Which brings us to the version I saw of this film which lasted 79 minutes and 59 seconds. It was the UK version and the film had been cut by the BBFC by 1 minute and 37 seconds for its release. The longest version available is said to be 82 minutes long. In the midst of viewing there were several times in the film where cuts may have occured. The first instance is a fight between Dragon Lee and his adversary during a martial arts tournament (where the aim is to win a woman’s hand in marriage ala The Legend Of Fong Sai Yuk, which was made {in 1993} by, coincidentally, Corey Yuen) when there’s a small hint of disrupted visual/audio continuity. But as you may have guessed from what I said before about the sex scene, I suspect there’s been some cuts to the samples of nudity seen in this film.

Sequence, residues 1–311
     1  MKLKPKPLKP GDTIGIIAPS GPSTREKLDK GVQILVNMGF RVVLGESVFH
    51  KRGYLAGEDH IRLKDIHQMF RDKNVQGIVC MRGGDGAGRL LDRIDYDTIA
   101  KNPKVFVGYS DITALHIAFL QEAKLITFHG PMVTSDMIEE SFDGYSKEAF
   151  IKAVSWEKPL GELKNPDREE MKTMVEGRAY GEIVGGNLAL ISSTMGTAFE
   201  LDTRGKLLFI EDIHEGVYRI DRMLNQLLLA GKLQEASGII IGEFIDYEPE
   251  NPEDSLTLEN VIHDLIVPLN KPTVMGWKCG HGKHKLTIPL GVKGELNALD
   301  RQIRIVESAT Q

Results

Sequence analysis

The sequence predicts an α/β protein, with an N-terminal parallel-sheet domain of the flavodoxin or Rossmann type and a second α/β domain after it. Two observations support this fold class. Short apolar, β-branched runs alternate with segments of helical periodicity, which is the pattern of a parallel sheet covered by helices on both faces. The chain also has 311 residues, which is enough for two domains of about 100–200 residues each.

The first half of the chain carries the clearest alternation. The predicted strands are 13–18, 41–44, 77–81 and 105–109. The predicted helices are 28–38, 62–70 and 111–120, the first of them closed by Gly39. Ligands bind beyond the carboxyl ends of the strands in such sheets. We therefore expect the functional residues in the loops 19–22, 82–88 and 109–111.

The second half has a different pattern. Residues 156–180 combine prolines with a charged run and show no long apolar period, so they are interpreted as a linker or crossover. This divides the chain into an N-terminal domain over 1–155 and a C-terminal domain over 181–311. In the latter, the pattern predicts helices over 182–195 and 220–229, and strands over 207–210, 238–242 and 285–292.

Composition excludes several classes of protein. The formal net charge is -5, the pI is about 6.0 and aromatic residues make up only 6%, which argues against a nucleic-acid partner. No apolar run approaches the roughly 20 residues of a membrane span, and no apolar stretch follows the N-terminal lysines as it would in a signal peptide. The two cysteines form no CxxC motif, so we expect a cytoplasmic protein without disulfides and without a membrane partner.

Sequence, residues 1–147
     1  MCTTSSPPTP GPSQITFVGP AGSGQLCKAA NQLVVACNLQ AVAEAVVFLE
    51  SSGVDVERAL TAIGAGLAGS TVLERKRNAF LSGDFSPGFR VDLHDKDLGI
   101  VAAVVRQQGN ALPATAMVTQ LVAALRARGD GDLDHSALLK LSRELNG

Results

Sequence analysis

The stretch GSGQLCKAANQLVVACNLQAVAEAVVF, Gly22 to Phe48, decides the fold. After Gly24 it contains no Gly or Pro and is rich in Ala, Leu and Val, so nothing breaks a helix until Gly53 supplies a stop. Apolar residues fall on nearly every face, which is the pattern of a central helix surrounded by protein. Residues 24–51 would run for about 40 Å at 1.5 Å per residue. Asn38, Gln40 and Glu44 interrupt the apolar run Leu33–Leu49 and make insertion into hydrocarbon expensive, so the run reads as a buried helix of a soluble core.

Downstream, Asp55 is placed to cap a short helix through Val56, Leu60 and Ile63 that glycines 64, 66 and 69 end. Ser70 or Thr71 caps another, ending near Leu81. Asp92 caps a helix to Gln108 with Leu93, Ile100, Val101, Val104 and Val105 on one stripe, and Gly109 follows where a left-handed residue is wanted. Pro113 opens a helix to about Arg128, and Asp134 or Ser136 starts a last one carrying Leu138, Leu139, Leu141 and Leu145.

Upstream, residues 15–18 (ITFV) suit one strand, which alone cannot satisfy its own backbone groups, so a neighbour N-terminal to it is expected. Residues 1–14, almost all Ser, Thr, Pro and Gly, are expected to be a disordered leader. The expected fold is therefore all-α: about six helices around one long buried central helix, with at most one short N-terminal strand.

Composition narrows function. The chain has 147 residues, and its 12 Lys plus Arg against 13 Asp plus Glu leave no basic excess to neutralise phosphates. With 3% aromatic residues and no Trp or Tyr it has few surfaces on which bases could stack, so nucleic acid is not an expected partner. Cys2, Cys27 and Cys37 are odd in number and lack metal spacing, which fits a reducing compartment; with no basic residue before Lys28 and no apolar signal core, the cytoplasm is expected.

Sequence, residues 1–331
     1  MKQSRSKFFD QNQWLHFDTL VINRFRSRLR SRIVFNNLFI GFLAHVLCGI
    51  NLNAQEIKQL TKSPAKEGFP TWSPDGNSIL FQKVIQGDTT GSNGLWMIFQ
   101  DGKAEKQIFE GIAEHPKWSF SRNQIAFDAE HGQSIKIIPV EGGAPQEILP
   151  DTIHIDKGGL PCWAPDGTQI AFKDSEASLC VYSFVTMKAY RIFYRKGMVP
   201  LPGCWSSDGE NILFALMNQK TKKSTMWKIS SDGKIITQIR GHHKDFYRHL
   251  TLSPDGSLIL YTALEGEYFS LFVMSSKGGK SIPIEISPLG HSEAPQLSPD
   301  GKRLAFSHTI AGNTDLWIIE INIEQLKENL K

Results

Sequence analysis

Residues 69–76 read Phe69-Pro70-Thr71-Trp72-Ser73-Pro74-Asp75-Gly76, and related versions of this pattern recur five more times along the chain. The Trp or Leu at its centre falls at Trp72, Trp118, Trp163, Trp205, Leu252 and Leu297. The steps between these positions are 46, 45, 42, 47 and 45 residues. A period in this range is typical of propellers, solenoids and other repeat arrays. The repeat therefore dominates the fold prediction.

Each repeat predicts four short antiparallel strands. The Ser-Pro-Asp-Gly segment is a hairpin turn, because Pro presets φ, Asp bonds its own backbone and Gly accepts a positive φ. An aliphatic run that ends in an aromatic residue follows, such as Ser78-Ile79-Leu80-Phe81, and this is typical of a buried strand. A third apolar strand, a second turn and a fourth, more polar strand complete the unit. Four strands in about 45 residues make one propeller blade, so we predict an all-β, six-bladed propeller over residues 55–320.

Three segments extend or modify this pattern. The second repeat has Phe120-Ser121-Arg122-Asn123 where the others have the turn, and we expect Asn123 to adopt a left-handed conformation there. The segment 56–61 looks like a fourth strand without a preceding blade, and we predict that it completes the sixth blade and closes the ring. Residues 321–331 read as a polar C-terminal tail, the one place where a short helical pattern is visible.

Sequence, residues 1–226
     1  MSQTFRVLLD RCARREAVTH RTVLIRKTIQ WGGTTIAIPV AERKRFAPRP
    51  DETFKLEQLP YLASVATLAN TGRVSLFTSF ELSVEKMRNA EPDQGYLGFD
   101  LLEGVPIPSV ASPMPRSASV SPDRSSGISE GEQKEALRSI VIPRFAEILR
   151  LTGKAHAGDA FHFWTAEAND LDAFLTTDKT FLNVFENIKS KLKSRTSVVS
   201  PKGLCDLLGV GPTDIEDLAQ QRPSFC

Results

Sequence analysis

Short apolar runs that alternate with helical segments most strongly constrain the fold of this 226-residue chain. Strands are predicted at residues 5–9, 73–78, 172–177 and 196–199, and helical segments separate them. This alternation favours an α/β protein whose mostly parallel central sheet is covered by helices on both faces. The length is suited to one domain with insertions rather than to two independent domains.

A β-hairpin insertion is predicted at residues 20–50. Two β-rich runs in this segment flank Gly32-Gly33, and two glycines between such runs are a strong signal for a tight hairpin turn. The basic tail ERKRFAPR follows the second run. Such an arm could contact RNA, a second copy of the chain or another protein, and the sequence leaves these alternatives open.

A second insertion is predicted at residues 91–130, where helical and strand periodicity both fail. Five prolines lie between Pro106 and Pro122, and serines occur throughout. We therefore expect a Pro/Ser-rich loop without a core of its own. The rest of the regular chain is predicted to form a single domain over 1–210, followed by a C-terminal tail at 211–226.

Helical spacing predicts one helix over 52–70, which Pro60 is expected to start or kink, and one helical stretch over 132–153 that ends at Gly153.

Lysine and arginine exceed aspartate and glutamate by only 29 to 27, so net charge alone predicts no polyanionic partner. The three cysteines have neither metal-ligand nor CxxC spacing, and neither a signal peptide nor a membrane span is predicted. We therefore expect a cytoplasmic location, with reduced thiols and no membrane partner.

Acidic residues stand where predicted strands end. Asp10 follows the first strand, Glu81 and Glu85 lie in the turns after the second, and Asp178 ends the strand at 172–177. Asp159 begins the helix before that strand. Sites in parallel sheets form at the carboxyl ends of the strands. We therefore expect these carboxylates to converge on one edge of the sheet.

When Dragon Lee sleeps at this run-down house alongside his fellow compatriots, he looks at the posterior of who he previously thought was a male fighter before coming to the conclusion that it’s a woman (though she’s dressed). The nudity in question comes from this dream sequence where Dragon imagines her naked figure and there’s a cut which stops us from him seeing her vagina as she turns round to face the camera before abruptly cutting to a shot where her features are ingeniously obscured by a bunch of flowers. More nudity comes later on during the aforementioned sex scene, there’s an abrupt change in music and continuity as we go from seeing Hwang look at “Susan”*** (a different woman than the one I mentioned previously) to him being on top of her but my main criticism comes from the fact that there’s a shot of her legs where we see Hwang’s left hand caressing her right leg (implying that they must be doing a 69er) then immediately we cut to a shot where they’re facing each other.